Sophomore Bobby Wallace, a small, speedy back, waits in the wings to prove himself. Moderately successful by freshman standards, Wallace’s speed could be his ticket to the field. It will still be difficult for him to find playing time behind Boyd and Davis.


The key to a successful Spurrier offense has always been a capable quarterback who can quickly and correctly read defenses and audible. The quarterback doesn’t have to be the most athletically gifted or a Heisman trophy contender (though they often are because of the gaudy numbers the offense produces). Really what is needed is a competent passer who minimizes mistakes (Think Phil Petty).

Blake Mitchell returns as the likely starter. A gifted quarterback from LaGrange, Georgia, Mitchell appeared to be growing into the Spurrier quarterback mold at the end of last season. That being said, late in the season he often zeroed in on Sidney Rice instead of properly using his progression. Given Rice’s ability, the tendency was understandable; however, if Mitchell is to emerge as a leading quarterback in the conference (and de facto in the nation) he must continue to learn to use his progression and avoid forcing passes – no matter how great the receiver.

Mitchell is technically a solid quarterback. His release is not unbelievably fast, but it is adequate. In early practices he continues to exhibit ‘happy feet’ – a tendency to shuffle one’s feet after having set up for the pass. He has relatively good touch when it is needed and doesn’t have many problems with the ball floating on him when it shouldn’t. If he can continue to fine tune his skills, Mitchell should lead the offense to high scoring outputs.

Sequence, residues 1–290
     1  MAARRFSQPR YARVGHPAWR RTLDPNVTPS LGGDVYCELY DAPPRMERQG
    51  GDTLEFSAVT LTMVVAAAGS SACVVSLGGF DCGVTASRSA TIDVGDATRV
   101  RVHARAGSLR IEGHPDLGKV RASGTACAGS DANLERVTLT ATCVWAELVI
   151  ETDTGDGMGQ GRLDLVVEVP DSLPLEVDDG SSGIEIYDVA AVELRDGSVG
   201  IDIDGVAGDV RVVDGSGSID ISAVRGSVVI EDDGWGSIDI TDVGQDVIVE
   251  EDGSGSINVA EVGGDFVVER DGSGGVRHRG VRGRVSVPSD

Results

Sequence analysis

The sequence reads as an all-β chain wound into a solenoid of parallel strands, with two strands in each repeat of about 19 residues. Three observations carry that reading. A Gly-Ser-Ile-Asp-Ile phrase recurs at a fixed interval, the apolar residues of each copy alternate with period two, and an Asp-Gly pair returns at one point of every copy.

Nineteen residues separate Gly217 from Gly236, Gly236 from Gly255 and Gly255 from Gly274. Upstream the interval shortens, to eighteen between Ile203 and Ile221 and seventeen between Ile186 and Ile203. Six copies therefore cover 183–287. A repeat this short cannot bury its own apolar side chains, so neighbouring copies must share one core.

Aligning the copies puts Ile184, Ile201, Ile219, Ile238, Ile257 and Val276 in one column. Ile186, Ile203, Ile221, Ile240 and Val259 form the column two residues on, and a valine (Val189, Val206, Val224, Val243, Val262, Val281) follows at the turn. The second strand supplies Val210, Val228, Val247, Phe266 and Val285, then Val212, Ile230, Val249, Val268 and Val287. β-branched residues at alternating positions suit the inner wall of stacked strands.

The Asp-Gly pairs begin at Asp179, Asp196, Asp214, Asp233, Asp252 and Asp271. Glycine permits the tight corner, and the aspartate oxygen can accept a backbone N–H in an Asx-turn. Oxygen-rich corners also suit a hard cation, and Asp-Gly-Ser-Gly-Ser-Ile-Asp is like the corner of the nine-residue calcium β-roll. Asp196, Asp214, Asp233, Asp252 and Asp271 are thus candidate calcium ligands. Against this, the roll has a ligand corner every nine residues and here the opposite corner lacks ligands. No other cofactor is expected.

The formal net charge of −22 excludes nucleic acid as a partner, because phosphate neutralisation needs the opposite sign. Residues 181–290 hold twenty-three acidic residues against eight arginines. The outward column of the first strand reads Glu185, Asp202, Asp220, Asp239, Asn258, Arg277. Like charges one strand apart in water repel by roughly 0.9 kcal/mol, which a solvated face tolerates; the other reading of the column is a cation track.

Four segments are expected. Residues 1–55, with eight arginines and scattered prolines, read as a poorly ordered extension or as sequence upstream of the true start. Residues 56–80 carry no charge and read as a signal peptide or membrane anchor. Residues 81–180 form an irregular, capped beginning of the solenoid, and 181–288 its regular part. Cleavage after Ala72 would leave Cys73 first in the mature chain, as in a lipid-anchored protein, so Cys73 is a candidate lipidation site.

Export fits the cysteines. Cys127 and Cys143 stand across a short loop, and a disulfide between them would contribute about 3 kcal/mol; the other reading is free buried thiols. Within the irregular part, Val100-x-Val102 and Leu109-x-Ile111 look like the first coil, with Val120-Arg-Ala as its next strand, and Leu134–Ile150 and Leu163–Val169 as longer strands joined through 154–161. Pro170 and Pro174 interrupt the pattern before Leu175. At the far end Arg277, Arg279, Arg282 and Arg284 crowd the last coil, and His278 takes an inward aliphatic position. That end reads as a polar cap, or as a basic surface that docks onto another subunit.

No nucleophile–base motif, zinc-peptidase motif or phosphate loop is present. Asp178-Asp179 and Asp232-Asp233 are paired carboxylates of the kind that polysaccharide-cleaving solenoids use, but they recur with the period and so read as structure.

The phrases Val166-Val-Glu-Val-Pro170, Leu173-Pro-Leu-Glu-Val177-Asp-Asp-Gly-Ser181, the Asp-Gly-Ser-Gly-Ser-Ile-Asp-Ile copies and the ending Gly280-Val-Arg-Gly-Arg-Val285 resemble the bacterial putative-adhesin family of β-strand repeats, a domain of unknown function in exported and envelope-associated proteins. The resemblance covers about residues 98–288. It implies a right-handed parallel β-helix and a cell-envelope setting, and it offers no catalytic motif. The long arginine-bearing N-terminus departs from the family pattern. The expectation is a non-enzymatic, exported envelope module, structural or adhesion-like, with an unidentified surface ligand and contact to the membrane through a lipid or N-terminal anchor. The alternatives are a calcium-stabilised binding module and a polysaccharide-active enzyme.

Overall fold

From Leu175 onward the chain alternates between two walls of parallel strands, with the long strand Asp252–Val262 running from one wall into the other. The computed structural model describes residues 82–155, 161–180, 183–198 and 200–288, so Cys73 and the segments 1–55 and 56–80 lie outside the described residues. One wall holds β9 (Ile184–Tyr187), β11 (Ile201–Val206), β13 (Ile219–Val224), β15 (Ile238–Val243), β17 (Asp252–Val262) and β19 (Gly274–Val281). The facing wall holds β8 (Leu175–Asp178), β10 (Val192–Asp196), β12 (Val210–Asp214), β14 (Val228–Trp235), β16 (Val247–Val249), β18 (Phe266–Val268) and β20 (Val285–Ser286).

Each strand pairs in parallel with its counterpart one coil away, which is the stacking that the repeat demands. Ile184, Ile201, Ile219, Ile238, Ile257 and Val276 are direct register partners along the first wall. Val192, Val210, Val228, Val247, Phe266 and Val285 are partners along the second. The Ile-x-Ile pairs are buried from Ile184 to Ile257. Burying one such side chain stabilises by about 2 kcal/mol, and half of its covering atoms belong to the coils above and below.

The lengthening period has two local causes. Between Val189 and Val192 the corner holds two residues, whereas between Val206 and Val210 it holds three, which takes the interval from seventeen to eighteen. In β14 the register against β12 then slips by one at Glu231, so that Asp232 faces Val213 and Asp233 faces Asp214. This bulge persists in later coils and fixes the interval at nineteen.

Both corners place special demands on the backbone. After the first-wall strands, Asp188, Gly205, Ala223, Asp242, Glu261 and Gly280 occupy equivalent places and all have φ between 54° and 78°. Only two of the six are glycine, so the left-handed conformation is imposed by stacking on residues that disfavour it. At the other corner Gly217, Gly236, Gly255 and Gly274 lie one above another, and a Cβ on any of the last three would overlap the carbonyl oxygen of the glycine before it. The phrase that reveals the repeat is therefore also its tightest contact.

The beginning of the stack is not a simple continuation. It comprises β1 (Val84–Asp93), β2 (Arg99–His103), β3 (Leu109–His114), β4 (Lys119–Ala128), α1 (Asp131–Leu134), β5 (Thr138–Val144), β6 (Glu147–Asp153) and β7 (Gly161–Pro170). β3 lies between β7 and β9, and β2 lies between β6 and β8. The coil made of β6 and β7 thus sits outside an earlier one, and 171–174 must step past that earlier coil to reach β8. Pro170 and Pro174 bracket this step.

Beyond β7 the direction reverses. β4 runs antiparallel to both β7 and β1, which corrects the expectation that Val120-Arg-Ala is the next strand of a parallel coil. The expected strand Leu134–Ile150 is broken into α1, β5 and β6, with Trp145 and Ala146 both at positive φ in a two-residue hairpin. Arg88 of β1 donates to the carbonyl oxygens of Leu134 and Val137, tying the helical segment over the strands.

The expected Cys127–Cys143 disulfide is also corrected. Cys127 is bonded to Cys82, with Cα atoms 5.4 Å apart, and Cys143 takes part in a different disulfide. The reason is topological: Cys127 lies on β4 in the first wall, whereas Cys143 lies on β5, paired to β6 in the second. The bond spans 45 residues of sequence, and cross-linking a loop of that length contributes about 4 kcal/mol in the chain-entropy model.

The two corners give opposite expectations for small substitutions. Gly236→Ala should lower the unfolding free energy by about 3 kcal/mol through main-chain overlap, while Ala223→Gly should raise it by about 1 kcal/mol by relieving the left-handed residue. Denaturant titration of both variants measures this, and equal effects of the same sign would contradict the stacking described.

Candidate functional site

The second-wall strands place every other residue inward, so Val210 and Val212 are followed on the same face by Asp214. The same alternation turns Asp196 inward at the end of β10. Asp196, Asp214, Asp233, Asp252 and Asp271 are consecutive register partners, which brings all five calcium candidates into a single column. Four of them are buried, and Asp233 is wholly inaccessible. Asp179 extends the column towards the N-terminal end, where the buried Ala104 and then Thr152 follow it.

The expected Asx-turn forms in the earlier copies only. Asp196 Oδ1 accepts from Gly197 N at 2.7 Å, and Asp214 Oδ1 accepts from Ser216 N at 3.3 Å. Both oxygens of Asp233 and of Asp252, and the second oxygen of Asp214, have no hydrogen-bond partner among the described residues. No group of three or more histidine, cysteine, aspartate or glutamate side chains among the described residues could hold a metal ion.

The back-ups are for the most part capable quarterbacks who will have to wait their turns. Freshman Chris Smelley has begun to impress in fall practices. He appears to be a remarkably polished quarterback for such a young age. He will certainly compete for the back-up job. His biggest weakness is unfamiliarity with the offense. Tommy Beecher and Cade Thompson will also be in the mix.

Offensive Line

Offensive Line is by far the most difficult area to forecast. There are no reliable statistics to show how an individual lineman is doing – grading out is an arbitrary and misleading measure. A unit can be judged based on rushing yards gained, sacks allowed, etc. If that was the factor in deciding how this year’s line would do, the news would be bad. Last year too many sacks were given up, too little time was given to the quarterbacks, and too few holes were opened for far too short a time.